There's a major bottleneck in clinical psychology training in Ireland and the UK, with many people with a psychology degree hoping to pursue clinical psychology as a career, and much demand for the services clinical psychologists provide, but a limited number of places on training courses. Not only are applicants trying to build up clinical experience, but also research/publication experience and continuous professional development. Psychology graduates often work for years after finishing their primary degree (often taking on voluntary/unpaid work part-time or even full time) in order to pad their CV's enough to compete. Needless to say, this creates a lot of scope for those from less advantaged backgrounds to face an uphill struggle if they want to get into this area of training.
With regard to ethnicity and clinical psychology, much previous research has focused on people who are already on training courses, but there's a whole cohort of those who may or not make it onto such courses. An interesting thesis by Dr Romila Naiken Ragaven interviewed people from a BAME (Black and minority ethnic) background who were applying for clinical psychology training courses.
The participants were eight females working in typical roles for those applying for clinical psychology roles (e.g.assistant psychologist). No males took part in the study- it would have been interesting to have male interviewees as well, but there does tend to be a higher proportion of female applicants for clinical psychology roles.
The participants reported wanting to be agents of change within their own communities, but also wanting to contribute to change the conversation around Western conceptualisations of mental health (e.g. they mentioned cultural difference as being a brief addendum to educational materials they'd seen). One quote from a Black British participant was used to illustrate how they negotiate multiple identities and narratives. This quote speaks to the value of being a BAME applicant, but also struck me as containing a false dichotomy that worryingly hints at the persistence of stereotypes around ethnicity and competence:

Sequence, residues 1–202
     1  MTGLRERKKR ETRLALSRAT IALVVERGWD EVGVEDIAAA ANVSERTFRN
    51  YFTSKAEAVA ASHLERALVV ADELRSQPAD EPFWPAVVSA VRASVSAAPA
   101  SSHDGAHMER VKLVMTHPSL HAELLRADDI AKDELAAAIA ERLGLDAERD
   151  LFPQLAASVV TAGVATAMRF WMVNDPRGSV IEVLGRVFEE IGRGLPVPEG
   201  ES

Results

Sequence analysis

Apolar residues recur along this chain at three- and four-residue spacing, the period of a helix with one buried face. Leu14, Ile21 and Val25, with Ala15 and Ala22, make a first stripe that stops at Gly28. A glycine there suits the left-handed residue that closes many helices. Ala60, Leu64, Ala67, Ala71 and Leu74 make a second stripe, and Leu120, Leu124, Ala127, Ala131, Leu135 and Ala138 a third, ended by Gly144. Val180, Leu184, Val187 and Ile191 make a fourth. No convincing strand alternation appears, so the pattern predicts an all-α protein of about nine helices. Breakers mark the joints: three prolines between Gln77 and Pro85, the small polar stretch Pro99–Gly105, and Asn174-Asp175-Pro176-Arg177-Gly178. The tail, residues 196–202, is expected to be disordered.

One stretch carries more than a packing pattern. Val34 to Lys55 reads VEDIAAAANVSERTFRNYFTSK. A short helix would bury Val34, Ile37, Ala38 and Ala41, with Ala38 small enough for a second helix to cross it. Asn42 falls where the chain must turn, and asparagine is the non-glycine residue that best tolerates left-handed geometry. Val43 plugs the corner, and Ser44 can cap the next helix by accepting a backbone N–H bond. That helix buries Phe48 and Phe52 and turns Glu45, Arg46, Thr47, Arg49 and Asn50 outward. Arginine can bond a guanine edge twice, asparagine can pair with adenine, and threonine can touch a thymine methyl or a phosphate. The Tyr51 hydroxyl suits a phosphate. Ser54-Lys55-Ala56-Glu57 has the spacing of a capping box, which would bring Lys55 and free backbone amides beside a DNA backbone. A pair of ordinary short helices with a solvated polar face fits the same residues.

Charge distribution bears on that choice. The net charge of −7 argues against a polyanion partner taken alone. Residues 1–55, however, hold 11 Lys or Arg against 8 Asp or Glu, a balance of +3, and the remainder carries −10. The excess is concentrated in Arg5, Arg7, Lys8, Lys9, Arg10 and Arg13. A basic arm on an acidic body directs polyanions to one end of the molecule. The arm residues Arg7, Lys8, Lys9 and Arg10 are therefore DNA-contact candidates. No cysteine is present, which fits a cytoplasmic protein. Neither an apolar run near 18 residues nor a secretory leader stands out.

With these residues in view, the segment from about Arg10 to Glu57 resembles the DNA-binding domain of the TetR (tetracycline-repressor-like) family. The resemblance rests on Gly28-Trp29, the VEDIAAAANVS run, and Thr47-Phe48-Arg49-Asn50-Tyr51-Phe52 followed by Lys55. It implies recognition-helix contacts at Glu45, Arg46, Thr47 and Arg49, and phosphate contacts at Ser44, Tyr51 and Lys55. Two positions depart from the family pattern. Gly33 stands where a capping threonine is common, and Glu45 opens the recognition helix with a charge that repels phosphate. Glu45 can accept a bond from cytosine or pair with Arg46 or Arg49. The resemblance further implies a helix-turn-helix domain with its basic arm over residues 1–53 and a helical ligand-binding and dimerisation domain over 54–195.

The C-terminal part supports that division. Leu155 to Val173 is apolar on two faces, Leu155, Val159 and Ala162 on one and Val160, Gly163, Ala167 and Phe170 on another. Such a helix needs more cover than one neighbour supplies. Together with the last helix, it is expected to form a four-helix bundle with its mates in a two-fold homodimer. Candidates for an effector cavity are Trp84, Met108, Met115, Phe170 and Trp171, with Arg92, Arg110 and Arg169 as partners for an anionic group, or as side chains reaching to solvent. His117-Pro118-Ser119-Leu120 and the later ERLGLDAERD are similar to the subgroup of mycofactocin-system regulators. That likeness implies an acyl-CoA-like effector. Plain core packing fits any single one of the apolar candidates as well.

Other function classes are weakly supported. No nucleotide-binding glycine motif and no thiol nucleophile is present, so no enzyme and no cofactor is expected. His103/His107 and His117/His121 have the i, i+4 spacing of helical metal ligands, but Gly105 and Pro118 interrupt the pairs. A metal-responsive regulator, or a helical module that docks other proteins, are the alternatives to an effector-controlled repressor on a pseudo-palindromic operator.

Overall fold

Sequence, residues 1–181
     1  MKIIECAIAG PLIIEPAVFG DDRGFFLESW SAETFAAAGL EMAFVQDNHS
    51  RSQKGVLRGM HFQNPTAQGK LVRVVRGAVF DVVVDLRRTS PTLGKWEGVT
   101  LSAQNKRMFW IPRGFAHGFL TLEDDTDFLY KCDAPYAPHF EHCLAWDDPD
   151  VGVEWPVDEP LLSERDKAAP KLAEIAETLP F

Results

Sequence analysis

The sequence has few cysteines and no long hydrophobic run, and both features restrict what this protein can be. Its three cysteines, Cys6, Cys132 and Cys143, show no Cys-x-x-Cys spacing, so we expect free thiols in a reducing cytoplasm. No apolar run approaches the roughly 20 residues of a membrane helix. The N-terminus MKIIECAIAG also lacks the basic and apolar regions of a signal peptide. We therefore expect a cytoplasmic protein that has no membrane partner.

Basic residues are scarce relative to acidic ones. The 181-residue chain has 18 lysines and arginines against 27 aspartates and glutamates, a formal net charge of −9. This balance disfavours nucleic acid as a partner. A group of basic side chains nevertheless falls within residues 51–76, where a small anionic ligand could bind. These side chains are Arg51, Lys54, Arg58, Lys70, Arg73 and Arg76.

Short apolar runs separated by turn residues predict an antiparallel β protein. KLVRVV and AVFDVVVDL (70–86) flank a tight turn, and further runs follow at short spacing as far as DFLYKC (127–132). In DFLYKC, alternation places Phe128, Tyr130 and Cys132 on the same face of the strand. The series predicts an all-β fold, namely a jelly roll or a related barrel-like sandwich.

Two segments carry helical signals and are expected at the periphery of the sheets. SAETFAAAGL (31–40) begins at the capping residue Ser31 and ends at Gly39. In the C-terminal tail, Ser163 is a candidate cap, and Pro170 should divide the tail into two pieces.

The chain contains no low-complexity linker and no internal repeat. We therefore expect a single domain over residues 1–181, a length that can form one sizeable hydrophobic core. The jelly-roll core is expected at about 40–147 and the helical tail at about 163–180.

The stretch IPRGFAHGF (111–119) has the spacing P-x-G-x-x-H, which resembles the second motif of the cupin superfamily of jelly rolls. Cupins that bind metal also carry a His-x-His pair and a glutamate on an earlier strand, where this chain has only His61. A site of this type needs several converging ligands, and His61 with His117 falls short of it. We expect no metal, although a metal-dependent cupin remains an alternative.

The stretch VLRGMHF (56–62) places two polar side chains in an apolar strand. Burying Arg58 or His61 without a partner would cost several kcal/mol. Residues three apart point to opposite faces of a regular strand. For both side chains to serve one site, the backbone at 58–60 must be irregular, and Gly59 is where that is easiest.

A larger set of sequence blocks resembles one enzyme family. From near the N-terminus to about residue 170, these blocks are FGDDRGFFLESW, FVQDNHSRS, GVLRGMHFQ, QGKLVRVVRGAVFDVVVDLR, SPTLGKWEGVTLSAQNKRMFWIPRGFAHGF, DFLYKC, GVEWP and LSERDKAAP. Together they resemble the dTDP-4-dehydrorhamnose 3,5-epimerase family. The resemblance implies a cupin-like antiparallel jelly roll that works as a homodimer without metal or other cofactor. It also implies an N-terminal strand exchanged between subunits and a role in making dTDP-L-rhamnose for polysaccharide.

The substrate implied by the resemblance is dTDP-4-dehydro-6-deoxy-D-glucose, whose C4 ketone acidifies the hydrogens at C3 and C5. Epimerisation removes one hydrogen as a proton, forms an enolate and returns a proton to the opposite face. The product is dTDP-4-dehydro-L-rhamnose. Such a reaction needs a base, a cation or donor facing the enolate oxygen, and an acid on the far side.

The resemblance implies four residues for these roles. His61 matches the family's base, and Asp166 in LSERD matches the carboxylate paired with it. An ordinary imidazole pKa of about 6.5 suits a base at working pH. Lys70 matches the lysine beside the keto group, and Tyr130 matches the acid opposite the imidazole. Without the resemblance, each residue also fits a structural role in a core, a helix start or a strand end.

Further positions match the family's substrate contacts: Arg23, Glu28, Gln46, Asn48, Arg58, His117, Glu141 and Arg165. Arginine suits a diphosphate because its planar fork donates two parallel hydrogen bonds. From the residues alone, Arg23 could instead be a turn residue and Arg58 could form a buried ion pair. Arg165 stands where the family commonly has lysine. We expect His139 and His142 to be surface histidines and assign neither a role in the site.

On the one hand you wanna be seen for like your skill set and the fact that you are an intelligent person that's capable of doing the doctorate, and on the other hand, you wanna show how your own background can benefit the field, and I think it's hard to marry the two without having some sort of, like, controversy (pages 69-70)
Participants referred to having to work harder to achieve the same results as their White counterparts. One person reported feeling that they might not articulate themselves in a manner that comes off as professional as some of her White peers (while pointing out this is a class issue as well), and furthermore that she might not have as much research experience. All this will be filtered through the lens of the intensity of competition for places on training courses. As one person put it:
I’m not going to lie, it freaking annoyed me. This girl had one year’s experience post masters and then she got an interview for two courses and I’m thinking “but I’ve got more years’ experience than you”, but one thing we were talking about was that she has the privilege of not working because she’s middle class, so she was able to go an volunteer and stuff like that. But for me, I needed to work. I don’t come from money like that. (page 87)
The participants referred to experiences of overt racism from clients/service users, but perhaps more concerning was a sense that such experiences were being minimised by some of their supervisors.
...She was like “oh I don't think he meant it like that”, and I said, "Regardless of how he meant it as a joke, he offended my skin tone." And then she was like, "Well, I've never had anybody say that to me". And I said, "Yeah because you're White like you don't understand." (page 78)
They described a pervasive baseline anxiety about being treated in a negative manner because of their ethnicity, and not mentioning their ethnicity on application forms out of fears that it might negatively affect their chances. This might surprise some readers, as (and the interviewees acknowledge this) there have been increased efforts to make cohorts of clinical psychology trainees more representative. Nonetheless, the participants expressed a certain ambivalence about this, wondering if they might be selected to fill a quota rather than on merit (while simultaneously experiencing hostile discrimination from other quarters). The reported lack of role models alluded to by the participants here may suggest that mentoring could help to overcome concerns about tokenism; external validation from a senior peer with whom candidates can identify with may offer reassurance they can stand over the quality of their application in its own right, rather than seeing themselves as filling a quota.
For a deep dive, do check out the thesis itself:
Ragavan, R. N. (2018). Experiences of Black, Asian and minority ethnic clinical psychology doctorate applicants within the UK. [Doctoral dissertation, University of Hertfordshire]
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